Rohrersville was another historic Maryland town with its houses built right up against the road. The Chasseurs spent a day here while the rest of the Army of the Potomac was busy with Lee’s Army of Northern Virginia at Antietam. We didn’t bother to follow the aimless march of Couch’s division when it was sent south too late to the relief of the Union garrison at Harpers Ferry, beginning to scale Maryland Heights near the Potomac River before being called back to Sharpsburg where the action was. But we did visit Rohrersville for the sake of historical accuracy, and the walk through the small historic town was pleasant enough. Leaving town, we crossed a nice stream near a beautiful old farmhouse on the outskirts of town. Then it was back to the busy highway, this time for a short stint, about a half mile.
The next turn would be significant in that it was the beginning of our final phase, as we headed to Sharpsburg itself. Knowing the Chasseurs camped with Couch’s division about a half mile south of Keedysville before heading on to Sharpsburg, we would follow the same route. And Marble Quarry Road, onto which we turned left, was lovely. Very lightly trafficked, it also featured an early shade tree on the farm of a friendly farmer who was driving his tractor and putting his hay into neat piles as he waved. It was a perfect place to take a drink of water and sit, across from another prosperous looking cattle farm. It also shortly crossed over a lovely stream, Little Antietam Creek.
What else about Marble Quarry Road made it such a highlight of the walk? Well, for one thing, I could see in a few spots chunks of marble in the weeds alongside the road. Apparently the quarry produced “… small deposits of cream colored marble…” The quarry apparently opened in 1896, but in the 1860s, the presence of high-quality marble in the area of Little Antietam Creek was noted. A plaque in Shafer Park in nearby Boonsboro, Maryland, as well as front steps and buildings in the area, are evidence for the quarry’s influence. The remains of the quarry itself was filled in as a safety hazard in the 1970s.
The Little Antietam Creek, which wound along and across the road, was another reason to enjoy this part of our walk. Two bridges on the road cross the stream, which was flowing strongly and clearly when we walked. And, finally, there were the raspberries, which grew in abundance along the entire road. Though in spots poison ivy also grew in abundance, and in proximity to the raspberry bushes, I was able to dodge the noxious plant and pick for the three of us some large handfuls of the sweet and delicious fruit. After a long hot day of walking, and with over three miles to go to Sharpsburg, the raspberries were a delicious morale booster for me, and, I think, as my two companions picked their own handfuls, for my friends as well. The Chasseurs didn’t get to enjoy this treat, as they marched through in mid-September while we were there in mid-July.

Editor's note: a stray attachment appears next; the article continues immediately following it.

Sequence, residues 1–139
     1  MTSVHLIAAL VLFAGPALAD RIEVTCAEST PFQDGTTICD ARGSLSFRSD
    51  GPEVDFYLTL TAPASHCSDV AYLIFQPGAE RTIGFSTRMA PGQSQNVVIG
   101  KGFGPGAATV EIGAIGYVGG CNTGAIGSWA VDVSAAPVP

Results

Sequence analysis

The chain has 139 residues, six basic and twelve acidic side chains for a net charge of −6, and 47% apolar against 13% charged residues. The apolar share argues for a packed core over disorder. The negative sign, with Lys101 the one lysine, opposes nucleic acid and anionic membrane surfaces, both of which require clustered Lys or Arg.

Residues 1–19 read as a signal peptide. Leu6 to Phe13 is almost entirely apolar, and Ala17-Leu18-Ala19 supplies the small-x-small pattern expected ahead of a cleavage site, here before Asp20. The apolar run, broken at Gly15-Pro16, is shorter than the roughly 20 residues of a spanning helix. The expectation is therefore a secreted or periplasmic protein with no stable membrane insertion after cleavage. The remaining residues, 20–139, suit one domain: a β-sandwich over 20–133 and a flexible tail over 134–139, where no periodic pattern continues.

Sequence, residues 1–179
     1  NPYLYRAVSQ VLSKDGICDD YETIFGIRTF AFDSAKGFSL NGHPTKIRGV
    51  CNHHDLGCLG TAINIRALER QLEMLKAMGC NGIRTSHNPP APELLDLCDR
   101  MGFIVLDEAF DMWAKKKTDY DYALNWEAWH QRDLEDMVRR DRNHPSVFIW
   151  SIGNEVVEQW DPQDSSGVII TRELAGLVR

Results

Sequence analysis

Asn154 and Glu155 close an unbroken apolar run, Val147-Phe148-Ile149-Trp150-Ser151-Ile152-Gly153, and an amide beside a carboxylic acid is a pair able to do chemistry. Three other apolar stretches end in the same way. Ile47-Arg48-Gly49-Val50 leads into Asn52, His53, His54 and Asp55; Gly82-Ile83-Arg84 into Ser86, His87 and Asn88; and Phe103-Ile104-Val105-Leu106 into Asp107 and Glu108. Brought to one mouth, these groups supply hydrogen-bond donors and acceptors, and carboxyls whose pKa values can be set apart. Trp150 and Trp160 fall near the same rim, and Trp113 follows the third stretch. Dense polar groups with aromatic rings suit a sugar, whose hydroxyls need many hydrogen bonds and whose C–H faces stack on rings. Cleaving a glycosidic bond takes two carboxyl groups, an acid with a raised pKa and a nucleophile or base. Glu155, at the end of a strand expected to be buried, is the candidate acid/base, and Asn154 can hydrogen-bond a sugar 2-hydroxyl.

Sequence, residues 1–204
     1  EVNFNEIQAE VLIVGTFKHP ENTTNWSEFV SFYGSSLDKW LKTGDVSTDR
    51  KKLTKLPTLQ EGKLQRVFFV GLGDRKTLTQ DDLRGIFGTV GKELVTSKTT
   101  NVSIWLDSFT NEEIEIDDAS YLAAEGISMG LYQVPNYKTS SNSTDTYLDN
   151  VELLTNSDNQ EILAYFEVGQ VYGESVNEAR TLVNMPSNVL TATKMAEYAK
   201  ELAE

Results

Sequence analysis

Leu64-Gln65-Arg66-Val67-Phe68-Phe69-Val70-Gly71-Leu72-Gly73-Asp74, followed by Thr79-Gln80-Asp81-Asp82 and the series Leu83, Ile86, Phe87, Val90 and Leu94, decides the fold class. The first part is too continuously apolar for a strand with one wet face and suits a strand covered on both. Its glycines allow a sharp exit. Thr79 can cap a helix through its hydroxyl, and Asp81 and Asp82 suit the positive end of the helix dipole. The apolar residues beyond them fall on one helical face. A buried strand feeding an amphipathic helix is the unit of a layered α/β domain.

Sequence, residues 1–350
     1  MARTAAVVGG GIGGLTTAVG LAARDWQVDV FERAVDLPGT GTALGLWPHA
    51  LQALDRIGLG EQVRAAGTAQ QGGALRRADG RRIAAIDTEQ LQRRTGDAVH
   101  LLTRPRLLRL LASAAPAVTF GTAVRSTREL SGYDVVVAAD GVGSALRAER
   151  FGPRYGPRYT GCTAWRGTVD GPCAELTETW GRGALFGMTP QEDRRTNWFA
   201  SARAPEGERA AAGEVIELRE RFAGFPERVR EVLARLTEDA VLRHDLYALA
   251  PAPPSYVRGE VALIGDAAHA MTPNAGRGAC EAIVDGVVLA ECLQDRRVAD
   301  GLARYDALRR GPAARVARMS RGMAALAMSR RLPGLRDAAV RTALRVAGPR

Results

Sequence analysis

Marble Quarry Road ended at Mount Briar Road. A right turn onto the latter brought another quiet road with more raspberries, and historic houses which the 65th New York men might well have marched past. The road clearly dated to well before the Civil War and led to the south of Keedysville, where I knew Couch’s division had camped on its way to Antietam. Indeed, the looming large blue water tower with “Keedsysville” painted on it just to our northwest was an indicator that we were getting close to the end of our journey.
At Mount Briar Road’s end, we turned left onto Dogstreet Road, and with the new houses along the road, and especially the new development on Sumter Drive, which we walked along for a short stretch on our way to the Shepherdstown Pike, we were clearly in the 21st century, not the 19th. However, the left turn onto the busy pike with the wide shoulder would at least replicate the Chasseurs’ last mile or so to the Antietam Battlefield on the historic, though much-improved, road. The traffic wasn’t too bad, and, though we bemoaned the last few big hills and dips of this lovely Maryland countryside, when we went uphill having crossed Antietam Creek, we knew we were in business. The car was parked behind the Inn at Antietam, where we had left it after the Keys game last night, and we hopped in and drove the two long (at least to walk) blocks into the center of Sharpsburg, where Nutter’s Ice Cream awaited us. 18 miles was enough for today.
Couch’s Division, as it had been sent on a peripheral mission to Rohrersville and the base of Maryland Heights, got to Sharpsburg after the bloodiest day in American history was ending. Almost 6,000 men were killed or mortally wounded; another 17,000 were wounded. Though General Lee stood on September 18th ready to fight again, and General McClellan received two fresh divisions onto the field, among them Couch’s men, McClellan chose not to attack, fearing he may be outnumbered still, and Lee chose to retire to Virginia that night. The standoff could be claimed as a Union victory, incomplete though it was, with Lee’s retreat back into Virginia, and this led to President Lincoln’s issuance of the Emancipation Proclamation, a clear turning point for the war. So to walk to this place, thirty-seven and a half miles in all, was well worth it even if Couch and the Chasseurs got there late.